It’s the Irish in me

May 27, 2016

Yummmmmmmm....roasted new potatoes, pork chop, asparagus

Yummmmmmmm….roasted new potatoes, pork chop, asparagus

I don’t have a lot of Irish background; a few ancestors, but most were from the other side of the Irish Sea/North Atlantic, in England and Scotland (and a sizeable number from elsewhere about the continent). But there are still some Irish delicacies of which I’m unconscionably fond, including Jameson’s and Bailey’s.

And potatoes. God help me, I love a potato. I love just about anything you can do with a potato, and my fondness for them is a significant factor in why I’ve fought a weight problem most of my life.


  • One of my premier comfort foods is potato salad.
  • One of my favorite snacks is potato skins, topped with cheese and bacon and green onion, with sour cream on the side.
  • A down-home country dinner is much improved by a side of pan-fried potatoes and onions.
  • Latkes, with sour cream, apple butter, and a side of bacon, are sublime.

And that doesn’t even start to include mashed, stewed, or baked potatoes, or leftover potatoes fried up as potato cakes.

I am making myself hungry. Literally. My mouth is watering as I’m typing this.

One of the finest delicacies of spring is the new potato. New as in small (marble-sized to quarter sized are my faves) and freshly dug. And the above dinner is exactly how I like them.

For an absolutely delectable, and dead easy, spring side, roast some tiny new potatoes. I got these at the Farmers’ Market last week. I washed them well, dried them, tossed them with olive oil, poured them out on a baking sheet, sprinkled them with seasoned salt, and baked them at 400 for about 15 or 20 minutes, just until they were tender.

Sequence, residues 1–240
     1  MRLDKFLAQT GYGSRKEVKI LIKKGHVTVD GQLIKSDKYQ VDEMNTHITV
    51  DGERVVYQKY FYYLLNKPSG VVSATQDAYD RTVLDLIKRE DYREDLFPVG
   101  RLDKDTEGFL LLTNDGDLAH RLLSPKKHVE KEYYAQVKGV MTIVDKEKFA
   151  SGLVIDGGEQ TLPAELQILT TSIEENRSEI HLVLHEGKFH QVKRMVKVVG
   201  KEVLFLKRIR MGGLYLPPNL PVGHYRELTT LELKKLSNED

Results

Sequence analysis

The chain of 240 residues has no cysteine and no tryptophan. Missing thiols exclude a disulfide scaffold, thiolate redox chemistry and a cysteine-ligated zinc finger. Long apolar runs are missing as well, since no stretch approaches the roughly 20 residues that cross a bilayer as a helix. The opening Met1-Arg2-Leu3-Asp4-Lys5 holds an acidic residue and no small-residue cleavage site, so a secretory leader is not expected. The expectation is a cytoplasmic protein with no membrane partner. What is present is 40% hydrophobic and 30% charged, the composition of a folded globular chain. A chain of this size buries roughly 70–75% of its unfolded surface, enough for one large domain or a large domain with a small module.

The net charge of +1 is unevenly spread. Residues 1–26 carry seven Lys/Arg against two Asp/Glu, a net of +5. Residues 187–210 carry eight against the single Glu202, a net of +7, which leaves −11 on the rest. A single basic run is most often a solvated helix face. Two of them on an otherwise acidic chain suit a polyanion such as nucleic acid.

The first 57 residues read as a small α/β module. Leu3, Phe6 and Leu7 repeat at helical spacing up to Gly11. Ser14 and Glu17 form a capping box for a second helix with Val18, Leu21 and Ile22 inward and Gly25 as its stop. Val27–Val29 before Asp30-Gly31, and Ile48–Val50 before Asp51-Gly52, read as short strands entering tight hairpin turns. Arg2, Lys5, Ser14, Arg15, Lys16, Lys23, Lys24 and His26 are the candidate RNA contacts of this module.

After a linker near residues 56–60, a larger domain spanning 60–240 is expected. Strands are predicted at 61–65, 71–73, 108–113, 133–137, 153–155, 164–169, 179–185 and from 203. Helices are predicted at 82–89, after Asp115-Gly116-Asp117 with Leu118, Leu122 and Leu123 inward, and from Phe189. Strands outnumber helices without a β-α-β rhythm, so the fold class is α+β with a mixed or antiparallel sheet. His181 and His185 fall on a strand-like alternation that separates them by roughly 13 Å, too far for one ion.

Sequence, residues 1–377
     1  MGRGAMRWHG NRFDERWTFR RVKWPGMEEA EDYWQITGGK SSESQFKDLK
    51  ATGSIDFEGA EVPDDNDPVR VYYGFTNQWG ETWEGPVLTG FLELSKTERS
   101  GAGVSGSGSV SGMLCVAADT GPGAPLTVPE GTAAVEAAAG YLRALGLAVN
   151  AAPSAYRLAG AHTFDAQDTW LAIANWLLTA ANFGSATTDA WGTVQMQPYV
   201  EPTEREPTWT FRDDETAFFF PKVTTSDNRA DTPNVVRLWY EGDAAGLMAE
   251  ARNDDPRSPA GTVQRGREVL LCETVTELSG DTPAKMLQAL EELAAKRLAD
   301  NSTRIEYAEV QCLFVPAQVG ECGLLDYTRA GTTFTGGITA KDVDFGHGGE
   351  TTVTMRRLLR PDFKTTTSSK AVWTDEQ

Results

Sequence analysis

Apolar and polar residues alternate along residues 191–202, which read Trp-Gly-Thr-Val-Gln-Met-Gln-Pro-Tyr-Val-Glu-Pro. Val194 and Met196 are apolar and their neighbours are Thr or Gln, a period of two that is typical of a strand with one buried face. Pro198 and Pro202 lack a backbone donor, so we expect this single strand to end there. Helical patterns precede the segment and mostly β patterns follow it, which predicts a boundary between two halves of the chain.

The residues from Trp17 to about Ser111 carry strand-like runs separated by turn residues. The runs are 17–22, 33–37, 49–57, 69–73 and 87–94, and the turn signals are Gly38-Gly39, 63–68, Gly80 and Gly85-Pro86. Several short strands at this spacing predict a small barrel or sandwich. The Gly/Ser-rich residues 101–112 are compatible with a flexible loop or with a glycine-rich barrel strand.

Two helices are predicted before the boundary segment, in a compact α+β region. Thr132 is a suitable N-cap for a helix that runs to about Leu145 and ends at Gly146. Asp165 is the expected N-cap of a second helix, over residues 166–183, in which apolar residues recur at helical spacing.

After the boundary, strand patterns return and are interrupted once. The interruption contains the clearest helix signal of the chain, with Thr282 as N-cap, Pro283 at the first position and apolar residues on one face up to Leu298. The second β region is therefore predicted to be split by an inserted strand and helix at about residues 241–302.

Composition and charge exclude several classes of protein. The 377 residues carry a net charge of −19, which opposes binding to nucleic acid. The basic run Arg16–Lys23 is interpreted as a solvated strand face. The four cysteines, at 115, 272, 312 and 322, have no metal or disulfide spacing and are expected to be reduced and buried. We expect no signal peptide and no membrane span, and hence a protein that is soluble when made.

Have mercy. These little babies are utterly tender, creamy morsels; they have just a bit of sweet spring taste to them, offset by the salt. The only way they’re any better is to roast them underneath a rack on which you’re roasting meat of some sort, and let them baste in the meat drippings.

But I was cooking pork chops, which I’d marinated a couple of hours in a mixture of balsamic vinegar, honey and Dijon mustard. This is good stuff. Saw it on Facebook, thought it ought to be worth a try. It was. I seared the chops in an iron skillet, then turned the heat down and put a lid over them to let them cook through long enough to get done and tender, but not to dry out.

A side of what is likely the last of the year’s asparagus, unless I get lucky tomorrow, and it was an excellent spring dinner, done in just barely more than 30 minutes.

I’m going looking for new potatoes again this weekend. They also make a great potato salad, not my standard version, but one with a light viniagrette dressing and lots of fresh herbs and green onions.

Ooohh. If I can find them Saturday morning at the market, I could make them to go with the holiday cookout.

Note to self. Add that to the menu.

You ‘n y’mama ‘n ’em give a thought to new potatoes when you’re planning your next cookout. Or any other meal, for that matter.



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